22 HOURS. Even though I had been there a week prior confirming the presence of a kidney stone. Even though I had visits from multiple internists on call, it took 22 hours for the ER department to get a urologist in front of me. If you really want to get technical, a physician did not lay eyes on me from 10:00 p.m. until 2:30 p.m. the following day. And that was after an egregious amount of times asking to see a doctor.

4 ROOMS. That’s how many times I moved. The Hallway >>Two different ER rooms>>A semi private room. It would have been five because they tried to move me one more time to another ER area before I got my room, but I was doubled over, throwing up and my husband thankfully stood his ground and said we were not moving until it was out of the ER. If my husband did not continue to fiercely advocate for me, I would probably still be in that hallway.

2 HOSPITAL ADMINISTRATORS. My husband had to call for them twice. Once while still in the ER when it had been hours and I had yet to see a doctor again while my condition was rapidly declining. Then again when I was in my actual room and (NAMEREMOVED) got agitated at my distress and threw in the towel. While both administrators were pleasant and apologetic, they said this would be “addressed.” I spent more than two decades in public relations and know what that means. It’s one of those corporate buzzwords meant to diffuse a situation leading the person with the grievance to believe that someone is going to lay down the hammer behind the scenes. But we both know that nothing actually happens, because if it did, I would not have received hundreds of comments from local residents with similar stories when I shared my experience on social media.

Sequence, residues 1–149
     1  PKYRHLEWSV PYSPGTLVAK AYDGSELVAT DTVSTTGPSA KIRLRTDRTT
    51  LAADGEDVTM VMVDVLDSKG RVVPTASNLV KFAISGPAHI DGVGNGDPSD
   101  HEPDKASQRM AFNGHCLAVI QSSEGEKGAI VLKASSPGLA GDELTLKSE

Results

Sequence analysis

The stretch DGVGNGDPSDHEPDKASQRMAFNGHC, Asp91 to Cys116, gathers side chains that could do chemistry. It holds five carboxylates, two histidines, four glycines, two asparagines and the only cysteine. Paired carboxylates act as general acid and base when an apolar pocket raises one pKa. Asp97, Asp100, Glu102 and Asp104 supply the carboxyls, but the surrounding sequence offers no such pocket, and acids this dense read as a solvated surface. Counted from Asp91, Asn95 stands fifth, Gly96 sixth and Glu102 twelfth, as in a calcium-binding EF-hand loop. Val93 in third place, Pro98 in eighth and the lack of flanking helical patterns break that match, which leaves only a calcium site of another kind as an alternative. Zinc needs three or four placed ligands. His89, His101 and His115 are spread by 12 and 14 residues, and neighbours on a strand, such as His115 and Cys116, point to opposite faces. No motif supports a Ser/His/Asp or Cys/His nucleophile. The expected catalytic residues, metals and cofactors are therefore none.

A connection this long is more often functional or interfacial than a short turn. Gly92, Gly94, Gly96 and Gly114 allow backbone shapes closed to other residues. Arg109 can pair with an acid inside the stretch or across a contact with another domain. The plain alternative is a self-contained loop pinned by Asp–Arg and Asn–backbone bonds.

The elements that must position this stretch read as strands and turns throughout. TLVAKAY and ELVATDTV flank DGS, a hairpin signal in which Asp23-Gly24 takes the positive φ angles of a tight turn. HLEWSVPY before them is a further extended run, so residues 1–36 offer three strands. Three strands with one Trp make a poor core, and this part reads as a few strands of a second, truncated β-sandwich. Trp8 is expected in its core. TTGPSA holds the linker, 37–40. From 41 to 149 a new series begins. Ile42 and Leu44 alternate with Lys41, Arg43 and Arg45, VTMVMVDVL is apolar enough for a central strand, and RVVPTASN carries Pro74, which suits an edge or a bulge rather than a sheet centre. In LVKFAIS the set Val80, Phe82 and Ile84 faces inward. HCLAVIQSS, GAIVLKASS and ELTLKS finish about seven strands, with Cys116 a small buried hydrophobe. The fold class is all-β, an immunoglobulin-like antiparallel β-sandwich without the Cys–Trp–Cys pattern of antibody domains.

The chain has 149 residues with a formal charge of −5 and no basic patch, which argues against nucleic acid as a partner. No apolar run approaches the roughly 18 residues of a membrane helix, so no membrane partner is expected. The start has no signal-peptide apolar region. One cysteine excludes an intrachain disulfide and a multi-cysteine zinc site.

1 FREE MEAL. That’s what we received as we were nearing the final hours of our horrid stay. An administrator handed my husband a voucher for a free meal at the hospital up to a $7.50 value as a “small token” for our inconvenience.